After selfie, here comes cowfie to raise awareness about cow

Kolkata (PTI): In a bid to raise awareness about the importance of cow and horror of cow slaughter, an NGO in Kolkata has come up with a novel idea of organising a “selfie with a cow” contest in the city.

The ‘cowfie’ contest was started by “Go Seva Parivar”, the NGO, during a month-long online campaign in November inviting people to post selfies with cows.


An official of the NGO told PTI that cow protection was not a religious or political issue, but backed by its scientific use.

“Every product from cow has its scientific value and need, whether it is urine or milk,” the official explained.

Earlier, an NGO had organised a programmme of distributing cow milk for free to raise awareness against cow slaughter.

With a political slugfest being witnessed on the twin issues of cow slaughter and beef consumption in the country, the cowfie contest has gained relevance.

In Hinduism, cows are considered sacred and referred to as “mother cow”.
According to the official, the contest and the campaign will educate people on the economic and medicinal benefits the cow produces, much more than what is gained from slaughtering a cow for beef.

The BJP-ruled states such as Maharashtra, Haryana and Rajasthan have enacted tough laws on cattle slaughter. In West Bengal, however, cow slaughter is not banned, nor is the consumption of beef.

Pictures ranging from kissing a cow to touching its feet and hugging a cow went viral on the Facebook page named “Go Seva Parivar”.

Pictures with caption “Save cow, Save Mankind”, “Gomata Sabki Mata” were seen on the Facebook page.

“If you can take a selfie with your mother, family members and pets, why can’t you take a selfie with cow who are so useful for the mankind,” goes a poser by a contestant.


  1. Hey Rampa, have you taken your Cowfie as yet? What are you waiting for? Xmas 2016? Man! That is a whole 11 months, 24 days and a few hours away!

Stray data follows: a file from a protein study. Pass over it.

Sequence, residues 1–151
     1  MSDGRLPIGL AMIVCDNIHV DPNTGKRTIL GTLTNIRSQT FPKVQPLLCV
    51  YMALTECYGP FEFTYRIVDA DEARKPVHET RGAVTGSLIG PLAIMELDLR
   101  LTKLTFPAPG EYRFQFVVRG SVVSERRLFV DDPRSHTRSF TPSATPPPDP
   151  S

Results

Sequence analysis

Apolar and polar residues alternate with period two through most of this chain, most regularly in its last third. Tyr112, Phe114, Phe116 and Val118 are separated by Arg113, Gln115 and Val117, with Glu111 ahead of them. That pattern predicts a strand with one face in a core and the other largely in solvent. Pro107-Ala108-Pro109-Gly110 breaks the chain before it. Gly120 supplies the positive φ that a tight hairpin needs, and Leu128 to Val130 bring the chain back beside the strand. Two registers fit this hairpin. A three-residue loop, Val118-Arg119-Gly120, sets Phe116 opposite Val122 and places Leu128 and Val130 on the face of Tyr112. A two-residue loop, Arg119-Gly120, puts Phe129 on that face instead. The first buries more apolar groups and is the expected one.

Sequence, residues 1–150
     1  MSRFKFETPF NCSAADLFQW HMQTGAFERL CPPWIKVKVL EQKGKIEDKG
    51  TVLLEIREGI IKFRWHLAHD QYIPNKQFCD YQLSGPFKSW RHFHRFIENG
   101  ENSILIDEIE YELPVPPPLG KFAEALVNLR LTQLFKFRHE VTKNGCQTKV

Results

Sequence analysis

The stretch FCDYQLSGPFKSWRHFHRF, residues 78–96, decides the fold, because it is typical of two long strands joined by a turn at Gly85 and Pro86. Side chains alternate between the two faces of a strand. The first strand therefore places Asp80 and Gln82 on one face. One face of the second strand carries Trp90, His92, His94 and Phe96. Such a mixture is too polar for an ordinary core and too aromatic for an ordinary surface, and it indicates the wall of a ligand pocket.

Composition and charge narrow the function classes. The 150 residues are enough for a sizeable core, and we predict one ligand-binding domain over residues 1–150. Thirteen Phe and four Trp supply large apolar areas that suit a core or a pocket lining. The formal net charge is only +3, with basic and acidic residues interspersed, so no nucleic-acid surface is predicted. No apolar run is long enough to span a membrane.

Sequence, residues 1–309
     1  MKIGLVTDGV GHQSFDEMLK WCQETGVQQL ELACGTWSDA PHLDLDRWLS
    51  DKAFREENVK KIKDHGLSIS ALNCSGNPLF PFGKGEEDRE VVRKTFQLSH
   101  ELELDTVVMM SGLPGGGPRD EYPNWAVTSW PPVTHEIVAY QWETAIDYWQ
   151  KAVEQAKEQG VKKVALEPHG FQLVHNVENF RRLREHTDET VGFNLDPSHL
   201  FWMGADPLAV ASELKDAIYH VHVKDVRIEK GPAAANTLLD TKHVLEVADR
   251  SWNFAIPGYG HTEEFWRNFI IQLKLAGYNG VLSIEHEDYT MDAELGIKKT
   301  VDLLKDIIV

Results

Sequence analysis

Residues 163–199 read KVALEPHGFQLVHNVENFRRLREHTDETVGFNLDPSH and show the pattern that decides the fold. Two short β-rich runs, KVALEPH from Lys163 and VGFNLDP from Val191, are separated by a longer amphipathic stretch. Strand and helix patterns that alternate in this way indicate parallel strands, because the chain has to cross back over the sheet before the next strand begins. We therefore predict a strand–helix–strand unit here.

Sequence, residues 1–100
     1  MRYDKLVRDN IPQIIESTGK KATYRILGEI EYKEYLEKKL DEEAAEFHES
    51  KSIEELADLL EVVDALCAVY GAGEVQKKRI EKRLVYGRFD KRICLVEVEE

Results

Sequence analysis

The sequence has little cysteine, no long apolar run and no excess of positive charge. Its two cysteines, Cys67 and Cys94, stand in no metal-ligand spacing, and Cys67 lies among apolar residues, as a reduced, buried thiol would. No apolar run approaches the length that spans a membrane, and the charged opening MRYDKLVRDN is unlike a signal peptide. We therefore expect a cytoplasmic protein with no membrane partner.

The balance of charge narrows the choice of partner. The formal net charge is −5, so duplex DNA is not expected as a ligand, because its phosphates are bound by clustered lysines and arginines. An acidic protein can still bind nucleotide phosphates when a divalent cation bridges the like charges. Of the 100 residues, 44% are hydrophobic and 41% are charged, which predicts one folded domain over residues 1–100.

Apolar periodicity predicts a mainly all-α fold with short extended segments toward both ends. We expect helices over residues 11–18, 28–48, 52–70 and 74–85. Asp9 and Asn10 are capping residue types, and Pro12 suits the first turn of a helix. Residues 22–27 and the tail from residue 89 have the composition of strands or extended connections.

• I know your previous employers are known for taking goatfie!!! smiles… – Rampa

      Oh well! Now I know! You must have TAKEN plenty of “goatfies”! No wonder you are an expert on ‘Aadu Jeevitham’.

      Even when one speaks about the odd/even formula for cars in Delhi, you HAVE to bring in your ‘aadu jeevitham’ and our ‘pradhana sevaka’ (and I’m willing to forget about the “mooka praani, dollu hotte, kaapala moksha, 7th century book, true god/false god, masters”, Smiles… 🙂

      AND there you are sitting in a Western land…calling your OWN Bharatha Mata a 3rd world country….. kinda pretending to enjoy your ‘alsande bargar with soce’ while others are enjoying a fantastic Turkey – true American style.

      May 2016 be more fortunate for you ya Rampa. 🙂 God bless. 🙂

      Happy New year once again. 🙂

  2. Dear readers,

    Cow meat is currently banned in 20 of the 29 states and seven union territories in the country. West Bengal is the only major state where beef is still legal.

    BJP may not get full majority but surely it can emerge as main opposition in the state. The fall of CPM will be the main factor. Sardha scam, minority appeasement and Burdwan blast cases are going to hit TMC hard. Still BJP can’t form government on it’s own in Bengal. The main problem is with the social and economic factors. Among common mass in Bengal BJP is considered as a party of traders and industrialists. So the people who are used to Lal Salam won’t make it easy for BJP.
    To win these elections BJP has to do a lot of makeover. They have to increase it’s base in rural Bengal where there is dearth of leadership.

    The ruling BJP’s ideological mentor, the Rashtriya Swayamsevak Sangh (RSS), wants minority Muslims and Christians to accept that India is a nation of Hindus, and is pushing some of them to convert. The West Bengal Assembly election in has become a prime target in its game plan.
    The RSS strategy: To spread its Hindu-first ideology to all corners of India by propelling the BJP in as many states as possible. The RSS provided the foot soldiers in last year’s landslide general election victory by Prime Minister Narendra Modi, who joined the Nagpur-based organisation as a young man.